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"Why me?" Brion asked. "Why am I special? Because I won the Twenties? I can't believe that. Taken objectively, there isn't that much difference between myself and the ten runner-ups. Why don't you ask one of them? They could do your job as well as I." "No, they couldn't. I'll tell you later why you are the only man I can use. Our time is running out and I must convince you of some other things first." Ihjel glanced at his watch. "We have less than three hours to dead-deadline. Before that time I must explain enough of our work to you to enable you to decide voluntarily to join us." "A very tall order," Brion said. "You might begin by telling me just who this mysterious 'we' is that you keep referring to." "The Cultural Relationships Foundation. A non- governmental body, privately endowed, existing to promote peace and ensure the sovereign welfare of independent planets, so that all will prosper from the good will and commerce thereby engendered." "Sounds as if you're quoting," Brion told him. "No one could possibly make up something that sounds like that on the spur of the moment " . "Iwasvery fine in a general sense, but I'm talking quoting, from our charter of organization. Which is all specifically now. About you. You are the product of a tightly knit and very advanced society. Your individuality has been encouraged by your growing up in a society so small in population that a mild form of government control is necessary. The normal Anvharian education is an excellent one, and participation in the Twenties has given you a general and advanced education second to none in the galaxy. It would be a complete waste of your entire life if you now took all this training and wasted it on some rustic farm." "You give me very little credit. I plan to teach—" "Forget Anvhar!" Ihjel cut him off with a chop of his hand. "This world will roll on quite successfully whether you are here or not. You must forget it, think of its relative unimportance on a galactic scale, and consider instead the existing, suffering hordes of mankind. You must think what you can do to help them." "But what can I do—as an individual? The day is long past when a single man, like Caesar or Alexander, could bring about world-shaking changes." "True—but not true," Ihjel said. "There are key men in every conflict of forces, men who act like catalysts applied at the right instant to start a chemical reaction. You might be one of these men, but I must be honest and say that I can't prove it yet. So in order to save time and endless discussion, I think I will have to spark your personal sense of obligation." "Obligation to whom?" "To mankind, of course, to the countless billions of dead who kept the whole machine rolling along that allows you the full, long and happy life you enjoy today. What they gave to you, you must pass on to others. This is the keystone of humanistic morals." "Agreed. And a very good argument in the long run. But not one that is going to tempt me out of this bed within the next three hours." "A point of success," Ihjel said. "You agree with the general argument. Now I apply it specifically to you. Here is the statement I intend to prove. There exists a planet with a population of seven million people. Unless I can prevent it, this planet will be completely destroyed. It is my job to stop that destruction, so that is where I am going now. I won't be able to do the job alone. In addition to others, I need you. Not anyone like you—but you, and you alone." "You have precious little time left to convince me of all that," Brion told him, "so let me make the job easier for you. The work you do, this planet, the imminent danger of the people there—these are all facts that you can undoubtedly supply. I'll take a chance that this whole thing is not a colossal bluff, and admit that given time, you could verify them all. This brings the argument back to me again. How can you possibly prove that I am the only person in the galaxy who can help you?" "I can prove it by your singular ability, the thing I came here to find." "Ability? I am different in no way from the other men on my planet." "You're wrong," Ihjel said. "You are the embodied proof of evolution. Rare individuals with specific talents occur constantly in any species, man included. It has been two generations since an empathetic was last born on Anvhar, and I have been watching carefully most of that time." "What in blazes is an empathetic—and how do you recognize it when you have found it?" Brion chuckled, this talk was getting preposterous. "I can recognize one because I'm one myself—there is no other way. As to how projective empathy works, you had a demonstration of that a little earlier, when you felt those strange thoughts about Anvhar. It will be a long time before you can master that, but receptive empathy is your natural trait. This is mentally entering into the feeling, or what could be called the spirit of another person. Empathy is not thought perception; it might better be described as the sensing of someone else's emotional makeup, feelings and attitudes. You can't lie to a trained empathetic, because he can sense the real attitude behind the verbal lies. Even your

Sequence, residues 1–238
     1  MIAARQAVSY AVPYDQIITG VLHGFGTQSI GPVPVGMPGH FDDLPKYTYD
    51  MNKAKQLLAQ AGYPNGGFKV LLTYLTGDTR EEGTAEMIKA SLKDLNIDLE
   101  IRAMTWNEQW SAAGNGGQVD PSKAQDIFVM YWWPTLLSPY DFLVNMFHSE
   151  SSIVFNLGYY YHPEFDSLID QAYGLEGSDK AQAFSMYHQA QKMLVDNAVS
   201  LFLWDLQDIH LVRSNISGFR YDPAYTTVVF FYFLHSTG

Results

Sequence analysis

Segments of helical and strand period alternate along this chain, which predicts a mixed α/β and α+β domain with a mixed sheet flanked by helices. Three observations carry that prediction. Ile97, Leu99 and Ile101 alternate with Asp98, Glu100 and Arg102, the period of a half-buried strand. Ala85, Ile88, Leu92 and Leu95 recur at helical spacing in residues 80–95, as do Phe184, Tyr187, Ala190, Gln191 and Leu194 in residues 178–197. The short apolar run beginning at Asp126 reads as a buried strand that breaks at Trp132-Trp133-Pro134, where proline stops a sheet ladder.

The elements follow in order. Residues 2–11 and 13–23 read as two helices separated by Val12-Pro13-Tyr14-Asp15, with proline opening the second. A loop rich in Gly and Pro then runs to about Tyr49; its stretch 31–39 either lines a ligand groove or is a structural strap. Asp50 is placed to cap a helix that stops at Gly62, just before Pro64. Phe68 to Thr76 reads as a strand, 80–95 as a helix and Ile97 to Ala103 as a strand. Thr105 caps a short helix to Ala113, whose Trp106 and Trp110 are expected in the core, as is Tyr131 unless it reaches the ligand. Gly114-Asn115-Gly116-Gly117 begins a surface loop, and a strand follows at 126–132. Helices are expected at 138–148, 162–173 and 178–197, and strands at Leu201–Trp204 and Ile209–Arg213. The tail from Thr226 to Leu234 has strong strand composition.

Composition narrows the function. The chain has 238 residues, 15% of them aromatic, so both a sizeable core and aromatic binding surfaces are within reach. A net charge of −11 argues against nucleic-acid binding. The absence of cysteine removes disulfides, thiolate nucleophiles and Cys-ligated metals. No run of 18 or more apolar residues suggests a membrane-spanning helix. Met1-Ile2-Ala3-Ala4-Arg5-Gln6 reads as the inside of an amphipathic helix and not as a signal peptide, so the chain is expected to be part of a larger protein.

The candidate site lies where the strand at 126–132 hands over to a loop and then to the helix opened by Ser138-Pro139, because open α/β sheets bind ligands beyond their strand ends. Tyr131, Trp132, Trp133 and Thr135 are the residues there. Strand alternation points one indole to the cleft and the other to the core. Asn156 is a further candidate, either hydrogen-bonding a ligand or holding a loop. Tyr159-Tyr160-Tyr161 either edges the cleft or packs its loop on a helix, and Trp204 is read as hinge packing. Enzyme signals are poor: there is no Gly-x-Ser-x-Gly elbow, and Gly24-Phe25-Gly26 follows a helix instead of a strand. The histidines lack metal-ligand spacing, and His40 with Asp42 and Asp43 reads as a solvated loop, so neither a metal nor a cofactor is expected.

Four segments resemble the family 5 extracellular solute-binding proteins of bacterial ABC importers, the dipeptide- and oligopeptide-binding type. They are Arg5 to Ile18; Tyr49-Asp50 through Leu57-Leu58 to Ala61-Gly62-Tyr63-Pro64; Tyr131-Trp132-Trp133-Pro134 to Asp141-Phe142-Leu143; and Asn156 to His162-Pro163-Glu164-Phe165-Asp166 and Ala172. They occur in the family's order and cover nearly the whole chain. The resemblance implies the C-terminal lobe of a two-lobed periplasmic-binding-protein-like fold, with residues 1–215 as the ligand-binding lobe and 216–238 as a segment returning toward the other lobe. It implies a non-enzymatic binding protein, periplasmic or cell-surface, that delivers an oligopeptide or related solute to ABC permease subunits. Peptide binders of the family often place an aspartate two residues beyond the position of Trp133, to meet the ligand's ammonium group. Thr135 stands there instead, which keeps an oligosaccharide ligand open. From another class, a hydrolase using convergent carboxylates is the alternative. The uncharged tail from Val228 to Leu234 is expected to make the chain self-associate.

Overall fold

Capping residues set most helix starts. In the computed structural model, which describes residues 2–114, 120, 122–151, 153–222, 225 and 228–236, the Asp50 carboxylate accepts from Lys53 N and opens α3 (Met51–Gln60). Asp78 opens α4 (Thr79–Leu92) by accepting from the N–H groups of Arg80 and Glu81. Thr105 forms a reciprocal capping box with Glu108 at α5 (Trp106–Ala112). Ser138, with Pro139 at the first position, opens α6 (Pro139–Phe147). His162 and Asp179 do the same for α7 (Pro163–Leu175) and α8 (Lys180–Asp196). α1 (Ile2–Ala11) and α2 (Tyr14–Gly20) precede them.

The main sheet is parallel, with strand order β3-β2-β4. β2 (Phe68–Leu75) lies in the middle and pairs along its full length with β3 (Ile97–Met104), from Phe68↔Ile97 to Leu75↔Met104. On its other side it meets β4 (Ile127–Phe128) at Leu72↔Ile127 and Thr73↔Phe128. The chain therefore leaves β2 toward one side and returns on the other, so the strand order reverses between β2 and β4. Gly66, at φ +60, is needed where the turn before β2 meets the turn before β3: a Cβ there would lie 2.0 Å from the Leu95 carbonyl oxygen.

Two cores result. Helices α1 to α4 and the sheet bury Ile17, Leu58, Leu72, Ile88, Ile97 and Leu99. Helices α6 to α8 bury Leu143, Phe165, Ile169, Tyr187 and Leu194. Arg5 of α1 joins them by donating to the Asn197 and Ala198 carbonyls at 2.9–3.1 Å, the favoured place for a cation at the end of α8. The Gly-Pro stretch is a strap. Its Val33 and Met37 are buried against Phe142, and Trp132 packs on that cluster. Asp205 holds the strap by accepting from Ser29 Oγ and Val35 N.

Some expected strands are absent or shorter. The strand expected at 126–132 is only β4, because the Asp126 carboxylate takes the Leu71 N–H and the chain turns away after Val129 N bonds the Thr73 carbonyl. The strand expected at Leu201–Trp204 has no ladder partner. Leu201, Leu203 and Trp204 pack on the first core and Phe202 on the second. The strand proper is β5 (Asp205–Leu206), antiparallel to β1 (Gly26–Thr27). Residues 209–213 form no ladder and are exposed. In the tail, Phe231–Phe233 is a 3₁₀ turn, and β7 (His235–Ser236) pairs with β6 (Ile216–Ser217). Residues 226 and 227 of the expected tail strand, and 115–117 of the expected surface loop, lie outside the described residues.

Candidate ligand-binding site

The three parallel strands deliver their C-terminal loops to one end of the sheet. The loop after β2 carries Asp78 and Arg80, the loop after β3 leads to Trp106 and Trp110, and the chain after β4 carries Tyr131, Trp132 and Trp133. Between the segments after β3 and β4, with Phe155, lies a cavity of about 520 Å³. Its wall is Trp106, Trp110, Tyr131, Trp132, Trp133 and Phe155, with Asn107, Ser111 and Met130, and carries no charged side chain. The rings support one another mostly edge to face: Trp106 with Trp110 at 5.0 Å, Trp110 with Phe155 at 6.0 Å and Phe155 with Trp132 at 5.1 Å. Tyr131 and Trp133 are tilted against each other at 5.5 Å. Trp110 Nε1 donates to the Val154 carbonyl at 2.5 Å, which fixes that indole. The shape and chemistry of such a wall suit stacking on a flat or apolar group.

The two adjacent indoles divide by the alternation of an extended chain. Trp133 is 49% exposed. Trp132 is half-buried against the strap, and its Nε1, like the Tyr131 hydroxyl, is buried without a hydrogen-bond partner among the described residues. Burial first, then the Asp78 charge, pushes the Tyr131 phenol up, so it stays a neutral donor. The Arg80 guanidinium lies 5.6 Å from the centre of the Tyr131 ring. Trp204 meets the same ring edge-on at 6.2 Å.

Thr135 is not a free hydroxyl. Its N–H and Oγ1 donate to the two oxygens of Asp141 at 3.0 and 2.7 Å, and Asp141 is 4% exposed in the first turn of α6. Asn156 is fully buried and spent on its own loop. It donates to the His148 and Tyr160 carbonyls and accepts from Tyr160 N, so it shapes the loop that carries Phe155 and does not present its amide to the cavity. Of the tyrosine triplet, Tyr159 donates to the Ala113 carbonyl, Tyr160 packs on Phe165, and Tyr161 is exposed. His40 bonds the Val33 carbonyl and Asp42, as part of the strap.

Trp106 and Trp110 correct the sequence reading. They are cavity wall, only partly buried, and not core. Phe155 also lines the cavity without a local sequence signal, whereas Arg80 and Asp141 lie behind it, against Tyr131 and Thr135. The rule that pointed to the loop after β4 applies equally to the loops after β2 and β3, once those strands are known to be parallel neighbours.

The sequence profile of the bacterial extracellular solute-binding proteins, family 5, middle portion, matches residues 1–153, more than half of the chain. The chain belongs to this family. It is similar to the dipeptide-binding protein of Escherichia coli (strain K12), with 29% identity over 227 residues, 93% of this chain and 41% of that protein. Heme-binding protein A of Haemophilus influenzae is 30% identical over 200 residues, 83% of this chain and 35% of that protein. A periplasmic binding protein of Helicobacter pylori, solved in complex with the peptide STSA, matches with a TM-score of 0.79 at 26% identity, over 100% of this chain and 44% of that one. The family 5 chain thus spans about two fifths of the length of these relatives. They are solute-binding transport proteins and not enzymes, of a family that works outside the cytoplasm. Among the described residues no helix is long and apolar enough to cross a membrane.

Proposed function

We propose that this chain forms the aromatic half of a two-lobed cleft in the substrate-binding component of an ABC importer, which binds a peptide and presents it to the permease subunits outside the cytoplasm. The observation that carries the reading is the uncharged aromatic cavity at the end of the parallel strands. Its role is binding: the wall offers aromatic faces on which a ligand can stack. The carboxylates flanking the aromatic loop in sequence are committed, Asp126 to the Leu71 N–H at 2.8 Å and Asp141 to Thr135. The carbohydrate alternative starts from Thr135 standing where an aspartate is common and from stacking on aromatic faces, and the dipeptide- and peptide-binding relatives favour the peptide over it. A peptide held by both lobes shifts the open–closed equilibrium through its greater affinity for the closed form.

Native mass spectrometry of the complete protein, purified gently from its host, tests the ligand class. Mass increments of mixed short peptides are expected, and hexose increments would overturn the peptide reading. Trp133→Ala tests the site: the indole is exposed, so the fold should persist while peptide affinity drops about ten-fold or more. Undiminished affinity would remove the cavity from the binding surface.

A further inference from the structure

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undeveloped talent has proved immensely useful in the Twenties. You can outguess your opponent because you know his movements even as his body tenses to make them. You accept this without ever questioning it." "How do you know?" This was Brion's understood, but never voiced secret. Ihjel smiled. "Just guessing. But I won the Twenties too, remember, also without knowing a thing about empathy at the time. On top of our normal training, it's a wonderful trait to have. Which brings me to the proof we mentioned a minute ago. When you said you would be convinced if I could prove you were the only person who could help me. Ibelievecannot lie about. It's possible to lie about a beliefyou are—and that is one thing I verbally, to have a falsely based belief, or to change a belief. But you can't lie about it to yourself. "Equally important—you can't lie about a belief to an empathetic. Would you like to see how I feel about this? 'See' is a bad word—there is no vocabulary yet for this kind of thing. Better, would you join me in my feelings? Sense my attitudes, memories and emotions just as I do?" Brion tried to protest, but he was too late. The doors of his senses were pushed wide and he was overwhelmed. "Dis ..." Ihjel said aloud. "Seven million people ... hydrogen bombs ... Brion Brandd." These were just key words, landmarks of association. With each one Brion felt the rushing wave of the other man's emotions. There could be no lies here—Ihjel was right in that. This was the raw stuff that feelings are made of, the[gP72] basic reactions to the things and symbols of memory. DIS ... DIS ... DIS ... it was a word it was a planet and the word thundered like a drum a drum the sound of its thunder surrounded and was a wasteland a planet of death a planet where living was dying and dying was very better than living crubdaec kbwarabrda rimciserableDISot bhgncsruinnigrohc dirty beneath wasteland of sands consideration and sands and sands planet and sands that burned had burned will burn forever the people of this planet so crude dirty miserable barbaric sub-human in-human less-than-human but they were going to be DEAD and DEAD they would be seven million blackened corpses that would blacken your dreams all dreams dreams forever because those H Y D R O G E were waiting to kill them unless .. unless .. unless .. you Ihjel stopped it you Ihjel (DEATH) you (DEATH) you (DEATH) alone couldn't do it you (DEATH) must have BRION BRANDD wet-behind-the-ears-raw-untrained-Brion-Brandd-to-help-you he was the only one in the galaxy who could finish the job..................................28Pg][ As the flow of sensation died away, Brion realized he was sprawled back weakly on his pillows, soaked with sweat, washed with the memory of the raw emotion. Across from him Ihjel sat with his face bowed in his hands. When he lifted his head Brion saw within his eyes a shadow of the blackness he had just experienced. "Death," Brion said. "That terrible feeling of death. It wasn't just the people of Dis who would die. It was something more personal."